For Black History Month, the British Ecological Society (BES) journals are celebrating the work of Black ecologists from around the world and sharing their stories. The theme for UK Black History Month this year is Time for Change: Action Not Words. Perpetra Akite—a lecturer at Makerere University, Dept of Zoology, Entomology & Fisheries Science, Uganda—shares her story below.
The COVID-19 Lockdown in Uganda
The first confirmed case of COVID-19 was reported in Uganda on 22nd March 2020, but it was the 31st March 2020 that will forever remain in the hearts of Ugandans, as this was the day when the first COVID-19 lockdown was announced. No one was prepared—more so the education sector. Everyone was grappling with the uncertainty of the next steps. But if there is one thing that COVID-19 taught us as Ugandans, it was the fact that we will always go back to our roots. Once the timeline for the lockdown was announced, many people opted to return to their village areas if they could. Following this, the reality of what was long forgotten struck many people. A question that was being asked was: how long would this lockdown last? It was indeed unknown and what started as a trial two weeks lasted almost two full years. Many people were far away from familiar things: friends; schools; their environment; etc. The only thing that had the potential to connect us was social media; however, social media was unreliable for those in the rural setting due to lack of data, as was stable access to power or solar energy systems (not many had invested in these at all).
With COVID-19 taking hold in the country, many people did not know what else they could do to keep their sanity. As a field ecologist, everything was bleak. We had no access to field sites, collections at the university, or our textbooks. But a few weeks into the lockdown, social media started to host some rudiments of our ecological settings. People started sharing photographs of the areas they were in, and, once in a while, included some photographs of either an insect or unexpected animal visitors. This made me realise that the majority of us are born potential ecologists, but over time several things seem to compete for our time. Our education system unfortunately does not afford us the luxury of developing our ecological interests together with other professional interests. This means that we often lack the encouragement to pursue some of these interests that are often regarded as a waste of time and badly paid (financially), especially in a society where quick returns are necessary for your work. Children are often discouraged from pursuing mainstream ecology, especially in pre-university courses by parents/relatives and friends. Yet, for those who had the chance to bond with nature earlier in life, there is always that special sense of belonging and appreciation—as was the case once the pandemic struck. Such persons found lockdown to be a once-in-a lifetime opportunity to enjoy nature.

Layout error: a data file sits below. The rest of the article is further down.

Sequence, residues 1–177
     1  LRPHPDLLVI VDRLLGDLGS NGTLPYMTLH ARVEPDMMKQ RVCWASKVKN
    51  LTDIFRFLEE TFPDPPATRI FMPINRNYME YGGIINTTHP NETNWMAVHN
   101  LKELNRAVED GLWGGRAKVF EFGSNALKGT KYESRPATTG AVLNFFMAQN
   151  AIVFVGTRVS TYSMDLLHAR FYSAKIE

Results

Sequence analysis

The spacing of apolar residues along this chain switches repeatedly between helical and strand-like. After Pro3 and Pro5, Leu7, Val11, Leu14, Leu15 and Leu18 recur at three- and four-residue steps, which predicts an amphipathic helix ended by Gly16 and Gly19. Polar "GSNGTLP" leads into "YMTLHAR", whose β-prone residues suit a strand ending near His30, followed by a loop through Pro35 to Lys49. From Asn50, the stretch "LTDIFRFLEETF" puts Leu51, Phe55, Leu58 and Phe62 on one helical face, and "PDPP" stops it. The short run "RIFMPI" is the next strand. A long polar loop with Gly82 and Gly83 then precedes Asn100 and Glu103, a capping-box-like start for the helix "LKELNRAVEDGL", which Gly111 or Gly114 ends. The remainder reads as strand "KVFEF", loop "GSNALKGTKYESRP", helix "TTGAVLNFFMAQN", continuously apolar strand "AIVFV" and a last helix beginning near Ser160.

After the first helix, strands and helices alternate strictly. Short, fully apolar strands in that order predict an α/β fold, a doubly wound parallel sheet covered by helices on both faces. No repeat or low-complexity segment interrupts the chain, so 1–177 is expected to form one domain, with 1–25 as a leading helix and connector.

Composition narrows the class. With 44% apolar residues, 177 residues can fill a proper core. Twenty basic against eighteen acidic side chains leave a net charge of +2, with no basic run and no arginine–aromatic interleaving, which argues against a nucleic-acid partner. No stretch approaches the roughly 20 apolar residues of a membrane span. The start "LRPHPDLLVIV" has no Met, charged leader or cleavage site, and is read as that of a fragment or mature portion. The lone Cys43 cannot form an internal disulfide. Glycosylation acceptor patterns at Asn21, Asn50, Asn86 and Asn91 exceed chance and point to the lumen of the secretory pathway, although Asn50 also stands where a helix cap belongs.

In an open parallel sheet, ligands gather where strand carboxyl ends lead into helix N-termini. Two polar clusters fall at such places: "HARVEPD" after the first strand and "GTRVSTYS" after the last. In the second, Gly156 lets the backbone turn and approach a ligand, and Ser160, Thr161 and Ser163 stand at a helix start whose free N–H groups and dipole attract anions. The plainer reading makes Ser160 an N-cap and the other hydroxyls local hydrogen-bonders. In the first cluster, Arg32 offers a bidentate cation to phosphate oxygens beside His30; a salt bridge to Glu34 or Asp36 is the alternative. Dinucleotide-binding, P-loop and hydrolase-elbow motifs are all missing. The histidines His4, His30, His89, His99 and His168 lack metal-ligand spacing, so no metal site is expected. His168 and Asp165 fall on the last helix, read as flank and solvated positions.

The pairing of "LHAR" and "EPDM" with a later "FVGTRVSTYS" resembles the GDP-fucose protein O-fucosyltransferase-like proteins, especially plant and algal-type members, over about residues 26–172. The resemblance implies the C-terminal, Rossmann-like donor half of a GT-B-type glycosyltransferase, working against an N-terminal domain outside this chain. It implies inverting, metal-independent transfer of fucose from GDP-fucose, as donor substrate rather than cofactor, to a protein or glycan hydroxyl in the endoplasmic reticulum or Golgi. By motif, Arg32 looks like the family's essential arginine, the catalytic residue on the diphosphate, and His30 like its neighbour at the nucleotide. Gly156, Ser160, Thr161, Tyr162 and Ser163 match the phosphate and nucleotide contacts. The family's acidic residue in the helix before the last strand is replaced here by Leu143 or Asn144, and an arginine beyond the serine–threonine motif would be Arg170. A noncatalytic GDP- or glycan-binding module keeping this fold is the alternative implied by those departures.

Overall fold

When faced with such a dilemma, everyone is willing to participate in a wide range of ecological activities. Thus, ecological work becomes a community-centric activity where people are openly willing to partake in citizen-science activities and outreach programmes. These activities would generate awareness and, in some cases, provide valuable scientific data that can be used as baseline for long-term research.
What opportunities did we miss?
Since Uganda rolled out a new competent-based curricula for lower secondary schools, environmental education is now incorporated into these curricula. Biology teachers are now responsible for ensuring that the students’ population at large understands the ecological processes on which our lives depend. By showing students how they can participate in resolutions to environmental problems, teachers can make issues discussed in the classroom tangible and applicable. The result is more environmentally aware citizens whose knowledge will benefit society beyond their formal schooling. Unfortunately, the outbreak of COVID-19 happened before all this was in effect in most schools. As such, we missed a number of opportunities, including a chance to collect big data, a chance to have an overview of biodiversity across the country using minimal funding, and a chance to mentor the next generation of ecologists—especially the citizen scientists. Children learn by example and being with their parents was an opportunity to instil some practical skills that would be helpful in influencing tomorrow’s world. It would have also provided much needed materials for discussion at school under the new competent-based curricula where children are encouraged to know more about practical skills rather than theoretical aspects of learning. There’s no doubt that lately many people seek encounters with nature; however, our work-centred lifestyles do not provide for these opportunities. As such, the pandemic provided a great opportunity and silver lining for many to enjoy the environment around us away from our office desks.